Participate in a series of deep conversations that serve to unlock new perspectives on how we think about the future of technology and fashion.




ISSUE #003

The relationship between fashion and technology has always been a curious one. Early hesitations from high-end fashion brands about embracing online storefronts, the influential role of social media, and the rush to hop onto trending bandwagons like NFTs and the metaverse highlight the dynamics of their interaction. Yet, technology has also paved the way for market expansions, ushering in the era of direct-to-consumer (D2C) models and influencer-driven retail.

A rapidly evolving landscape is the secondary market. Changing consumer behaviors challenge traditional ownership ideals. Technology is swiftly introducing new authentication methods, from innovative material designs to more advanced techniques. Legacy platforms such as eBay are vying for dominance in this secondary market alongside newer disruptors like TheRealReal.

Brands grapple with their place in this secondary market. Some, like Patagonia, Levis, and DOEN, are reclaiming, authenticating, and reselling products. Others destroy surplus inventory to artificially create scarcity and elevate value. Strategies are emerging that leverage the secondary market’s appeal to boost primary sales, as seen with Nike and Supreme. Legal battles ensue over intellectual property rights, such as the StockX vs. Nike case. Innovative startups, like One of None, are reimagining ownership concepts, while established ventures, like Rent-The-Runway, question the notion of ownership altogether. Not to mention, social media platforms are enabling individuals to bypass traditional avenues, building personal followings to directly sell secondary products.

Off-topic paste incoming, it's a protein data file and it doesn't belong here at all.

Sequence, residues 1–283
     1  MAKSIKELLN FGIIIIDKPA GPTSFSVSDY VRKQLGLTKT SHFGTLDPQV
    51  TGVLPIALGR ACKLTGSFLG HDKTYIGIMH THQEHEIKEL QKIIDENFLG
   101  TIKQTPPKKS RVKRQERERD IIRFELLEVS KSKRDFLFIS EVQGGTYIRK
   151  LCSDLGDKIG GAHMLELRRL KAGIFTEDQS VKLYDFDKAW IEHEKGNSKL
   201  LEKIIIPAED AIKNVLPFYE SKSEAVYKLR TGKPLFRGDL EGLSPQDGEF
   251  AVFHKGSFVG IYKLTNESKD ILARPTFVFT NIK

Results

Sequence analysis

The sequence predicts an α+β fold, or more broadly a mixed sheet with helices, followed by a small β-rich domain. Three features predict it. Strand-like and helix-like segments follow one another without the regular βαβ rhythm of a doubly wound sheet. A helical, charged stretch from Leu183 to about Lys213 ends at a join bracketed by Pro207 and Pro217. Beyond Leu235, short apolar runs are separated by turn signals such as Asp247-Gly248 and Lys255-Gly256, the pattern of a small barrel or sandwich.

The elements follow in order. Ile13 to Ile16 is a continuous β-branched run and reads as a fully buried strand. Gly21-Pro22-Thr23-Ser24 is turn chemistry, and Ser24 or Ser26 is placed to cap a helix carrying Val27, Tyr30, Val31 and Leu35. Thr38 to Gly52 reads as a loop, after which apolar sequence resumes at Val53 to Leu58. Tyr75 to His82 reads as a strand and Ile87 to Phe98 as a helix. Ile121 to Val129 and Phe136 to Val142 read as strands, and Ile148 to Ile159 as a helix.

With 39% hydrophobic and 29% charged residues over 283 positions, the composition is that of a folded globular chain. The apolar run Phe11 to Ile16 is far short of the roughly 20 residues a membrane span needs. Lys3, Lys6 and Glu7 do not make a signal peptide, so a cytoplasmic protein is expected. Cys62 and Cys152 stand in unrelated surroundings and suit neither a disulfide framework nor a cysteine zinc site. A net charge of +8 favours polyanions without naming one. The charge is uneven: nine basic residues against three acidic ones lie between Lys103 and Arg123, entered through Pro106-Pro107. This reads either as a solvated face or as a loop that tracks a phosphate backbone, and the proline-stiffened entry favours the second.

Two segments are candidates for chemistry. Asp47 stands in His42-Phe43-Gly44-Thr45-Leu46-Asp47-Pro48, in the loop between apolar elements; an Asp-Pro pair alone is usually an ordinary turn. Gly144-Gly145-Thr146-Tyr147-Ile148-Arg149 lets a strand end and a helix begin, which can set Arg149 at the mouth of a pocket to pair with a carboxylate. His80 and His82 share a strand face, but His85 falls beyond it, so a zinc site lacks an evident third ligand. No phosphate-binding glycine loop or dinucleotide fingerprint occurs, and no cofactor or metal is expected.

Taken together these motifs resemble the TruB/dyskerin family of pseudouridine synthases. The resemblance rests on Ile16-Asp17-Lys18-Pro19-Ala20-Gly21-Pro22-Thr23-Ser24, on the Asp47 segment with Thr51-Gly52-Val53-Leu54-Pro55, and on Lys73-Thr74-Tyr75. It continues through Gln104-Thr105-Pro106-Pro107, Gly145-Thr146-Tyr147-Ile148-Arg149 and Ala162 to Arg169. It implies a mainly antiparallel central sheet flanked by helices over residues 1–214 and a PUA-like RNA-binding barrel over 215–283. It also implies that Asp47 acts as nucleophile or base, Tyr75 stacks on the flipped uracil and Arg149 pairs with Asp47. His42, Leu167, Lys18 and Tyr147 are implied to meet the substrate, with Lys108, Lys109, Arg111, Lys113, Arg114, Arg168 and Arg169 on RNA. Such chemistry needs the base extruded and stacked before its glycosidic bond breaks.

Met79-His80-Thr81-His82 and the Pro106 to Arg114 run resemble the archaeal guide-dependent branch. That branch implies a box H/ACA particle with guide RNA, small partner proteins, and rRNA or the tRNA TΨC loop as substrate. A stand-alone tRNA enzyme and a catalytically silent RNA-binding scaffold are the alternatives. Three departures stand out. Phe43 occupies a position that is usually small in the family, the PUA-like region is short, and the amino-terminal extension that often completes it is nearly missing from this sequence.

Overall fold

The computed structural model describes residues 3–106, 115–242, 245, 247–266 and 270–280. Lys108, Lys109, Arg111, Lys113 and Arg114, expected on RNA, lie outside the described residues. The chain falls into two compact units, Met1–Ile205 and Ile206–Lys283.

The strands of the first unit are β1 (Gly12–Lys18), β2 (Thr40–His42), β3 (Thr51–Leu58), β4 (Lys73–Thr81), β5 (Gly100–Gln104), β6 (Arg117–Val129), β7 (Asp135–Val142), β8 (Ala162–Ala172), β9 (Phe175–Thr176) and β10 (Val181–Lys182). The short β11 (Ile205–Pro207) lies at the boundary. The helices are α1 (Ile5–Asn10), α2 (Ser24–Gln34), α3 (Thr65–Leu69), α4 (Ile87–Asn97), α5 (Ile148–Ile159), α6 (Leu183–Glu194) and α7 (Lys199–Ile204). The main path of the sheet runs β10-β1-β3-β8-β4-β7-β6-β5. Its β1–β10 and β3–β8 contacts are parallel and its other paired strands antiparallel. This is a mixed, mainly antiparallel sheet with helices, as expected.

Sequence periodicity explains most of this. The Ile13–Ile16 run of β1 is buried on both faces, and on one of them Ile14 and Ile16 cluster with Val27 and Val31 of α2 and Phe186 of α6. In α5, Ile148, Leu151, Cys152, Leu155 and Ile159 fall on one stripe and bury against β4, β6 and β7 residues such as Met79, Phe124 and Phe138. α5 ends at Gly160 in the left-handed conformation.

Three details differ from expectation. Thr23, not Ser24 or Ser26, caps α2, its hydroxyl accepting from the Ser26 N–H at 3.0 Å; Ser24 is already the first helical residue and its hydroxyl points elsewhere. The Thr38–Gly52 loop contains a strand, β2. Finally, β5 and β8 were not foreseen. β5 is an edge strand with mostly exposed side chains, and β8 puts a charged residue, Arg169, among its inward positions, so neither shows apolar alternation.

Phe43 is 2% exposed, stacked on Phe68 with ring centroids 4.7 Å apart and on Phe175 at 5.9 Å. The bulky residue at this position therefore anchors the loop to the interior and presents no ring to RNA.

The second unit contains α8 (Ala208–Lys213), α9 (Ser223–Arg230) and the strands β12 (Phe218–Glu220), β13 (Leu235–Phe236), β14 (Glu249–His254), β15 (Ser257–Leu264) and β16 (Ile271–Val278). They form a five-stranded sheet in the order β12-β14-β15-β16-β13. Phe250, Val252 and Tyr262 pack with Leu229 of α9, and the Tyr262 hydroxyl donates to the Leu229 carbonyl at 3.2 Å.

This evolving landscape demands fresh technological solutions to tackle emerging challenges and uncover new opportunities. We’re confronted with both time-tested queries and novel contemplations:

  • How can products be accurately authenticated?
  • How can consumers ensure the authenticity of their purchases?
  • Should brands be entitled to receive royalties in secondary sales?
  • Is the concept of ownership still as revered?
  • If products are viewed as assets, shouldn’t they be tradable like financial commodities?

Such inquiries present unique opportunities to harness or innovate technology, be it materials science, blockchain, generative AI, or advanced personalization.

In ON_Fashion, The Secondary Market Issue we will explore these trends from a multitude of angles, driven by articles from some of the world’s leading experts in fashion, tech and business. Over the course of the coming days and weeks we will publish provocations and new perspectives that will unlock new ways to think about this fast growing and hugely disruptive segment of the market.

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